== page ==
SCHIP was originally created to help the needy. But it's clear the authors of this new proposal have gotten greedy.
That's why I proposed an alternate bill, the Kids First Act, that focuses on SCHIP's true goal: protecting low-income children. It would reauthorize SCHIP for five more years, ensure that children stay enrolled by adding $14 billion on top of the current SCHIP budget, and add 1.3 million new kids to the SCHIP program by 2012.
Just as important, my plan would do so without raising taxes or increasing the deficit.
Not only does the Kids First Act cost significantly less than the liberals' bill, but many states, including Kentucky, would have more SCHIP funds to spend covering kids next year under my proposal than under the more expensive alternative.
The Kids First Act also improves upon current SCHIP law by providing funds to reach out to those low-income children who are eligible, but still not taking advantage of the program.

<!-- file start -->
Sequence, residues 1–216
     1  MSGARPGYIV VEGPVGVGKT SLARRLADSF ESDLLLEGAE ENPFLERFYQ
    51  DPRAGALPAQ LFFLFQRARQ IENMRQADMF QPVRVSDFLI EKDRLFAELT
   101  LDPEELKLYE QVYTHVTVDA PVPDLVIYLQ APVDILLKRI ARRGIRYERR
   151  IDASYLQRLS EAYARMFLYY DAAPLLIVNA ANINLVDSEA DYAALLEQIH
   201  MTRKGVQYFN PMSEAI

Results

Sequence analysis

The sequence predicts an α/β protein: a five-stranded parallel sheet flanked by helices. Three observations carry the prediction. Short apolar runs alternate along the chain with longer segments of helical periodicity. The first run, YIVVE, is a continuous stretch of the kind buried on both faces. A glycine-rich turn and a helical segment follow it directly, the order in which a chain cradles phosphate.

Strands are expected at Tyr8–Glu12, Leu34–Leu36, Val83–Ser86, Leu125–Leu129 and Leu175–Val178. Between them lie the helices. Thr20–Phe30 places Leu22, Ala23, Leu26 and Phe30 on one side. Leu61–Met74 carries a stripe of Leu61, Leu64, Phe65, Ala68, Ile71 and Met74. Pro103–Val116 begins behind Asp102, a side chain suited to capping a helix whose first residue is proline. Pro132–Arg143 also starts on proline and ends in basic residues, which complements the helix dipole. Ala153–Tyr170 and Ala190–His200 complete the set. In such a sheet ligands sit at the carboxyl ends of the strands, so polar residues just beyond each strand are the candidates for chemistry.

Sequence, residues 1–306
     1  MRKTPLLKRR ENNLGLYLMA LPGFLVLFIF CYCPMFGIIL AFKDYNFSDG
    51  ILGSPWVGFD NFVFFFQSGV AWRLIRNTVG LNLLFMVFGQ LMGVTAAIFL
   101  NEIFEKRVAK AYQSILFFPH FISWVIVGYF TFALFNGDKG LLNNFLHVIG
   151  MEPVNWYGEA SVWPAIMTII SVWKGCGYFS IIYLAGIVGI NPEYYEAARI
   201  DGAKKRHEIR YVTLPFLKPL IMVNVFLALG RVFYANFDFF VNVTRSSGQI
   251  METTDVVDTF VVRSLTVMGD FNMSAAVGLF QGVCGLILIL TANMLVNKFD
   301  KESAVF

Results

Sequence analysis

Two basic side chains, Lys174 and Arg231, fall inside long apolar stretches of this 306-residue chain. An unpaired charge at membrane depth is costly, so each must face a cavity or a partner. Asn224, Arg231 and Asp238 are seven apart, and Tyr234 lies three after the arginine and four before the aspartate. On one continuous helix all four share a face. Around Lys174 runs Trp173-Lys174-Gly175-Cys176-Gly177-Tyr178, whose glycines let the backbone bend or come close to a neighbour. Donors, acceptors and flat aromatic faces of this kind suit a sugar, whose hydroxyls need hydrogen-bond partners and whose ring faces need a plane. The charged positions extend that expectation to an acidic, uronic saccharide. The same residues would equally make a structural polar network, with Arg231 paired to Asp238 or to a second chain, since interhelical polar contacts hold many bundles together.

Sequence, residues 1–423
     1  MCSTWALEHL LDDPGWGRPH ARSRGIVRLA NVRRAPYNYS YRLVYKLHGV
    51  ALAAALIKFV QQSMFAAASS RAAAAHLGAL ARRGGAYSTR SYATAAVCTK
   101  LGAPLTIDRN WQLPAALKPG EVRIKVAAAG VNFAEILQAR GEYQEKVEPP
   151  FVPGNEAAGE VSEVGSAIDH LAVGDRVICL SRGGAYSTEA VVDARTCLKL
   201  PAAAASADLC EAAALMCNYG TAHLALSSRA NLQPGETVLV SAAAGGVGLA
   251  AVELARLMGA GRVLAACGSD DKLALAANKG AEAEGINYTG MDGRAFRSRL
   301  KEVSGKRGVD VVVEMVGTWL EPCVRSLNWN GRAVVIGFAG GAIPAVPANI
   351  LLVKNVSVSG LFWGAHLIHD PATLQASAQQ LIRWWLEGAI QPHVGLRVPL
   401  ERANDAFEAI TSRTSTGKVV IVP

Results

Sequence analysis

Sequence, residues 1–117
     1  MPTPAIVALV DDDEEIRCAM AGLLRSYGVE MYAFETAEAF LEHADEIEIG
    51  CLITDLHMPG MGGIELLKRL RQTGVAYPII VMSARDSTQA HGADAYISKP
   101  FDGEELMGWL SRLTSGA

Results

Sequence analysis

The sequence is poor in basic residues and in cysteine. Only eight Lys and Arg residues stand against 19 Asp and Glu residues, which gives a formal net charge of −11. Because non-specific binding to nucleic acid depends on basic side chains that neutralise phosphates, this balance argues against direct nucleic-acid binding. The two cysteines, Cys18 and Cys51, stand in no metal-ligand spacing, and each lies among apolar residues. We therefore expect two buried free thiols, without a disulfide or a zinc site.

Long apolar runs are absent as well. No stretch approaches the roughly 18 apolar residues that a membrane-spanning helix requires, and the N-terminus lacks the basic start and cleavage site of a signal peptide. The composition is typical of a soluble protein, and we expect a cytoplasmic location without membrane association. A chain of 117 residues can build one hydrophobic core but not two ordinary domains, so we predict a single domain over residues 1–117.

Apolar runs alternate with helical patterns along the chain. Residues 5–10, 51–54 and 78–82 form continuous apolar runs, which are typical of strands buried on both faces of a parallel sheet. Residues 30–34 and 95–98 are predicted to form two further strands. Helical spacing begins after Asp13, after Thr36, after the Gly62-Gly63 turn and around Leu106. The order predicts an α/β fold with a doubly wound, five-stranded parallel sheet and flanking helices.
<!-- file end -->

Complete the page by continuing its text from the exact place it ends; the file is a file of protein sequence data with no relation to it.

And it will help small businesses provide coverage for their employees by allowing them to band together for greater purchasing power, making health care more affordable.
Like many Americans, I'm frustrated about much of our current health care system. But I don't believe that raising taxes, discouraging families from buying private insurance or letting adults leech off a program designed for children should be part of the solution.
All of those actions would put us on a slippery slope toward government-run health care. Instead, Congress should protect a program that works, and make sure that low-income children who rely on SCHIP for health insurance stay covered.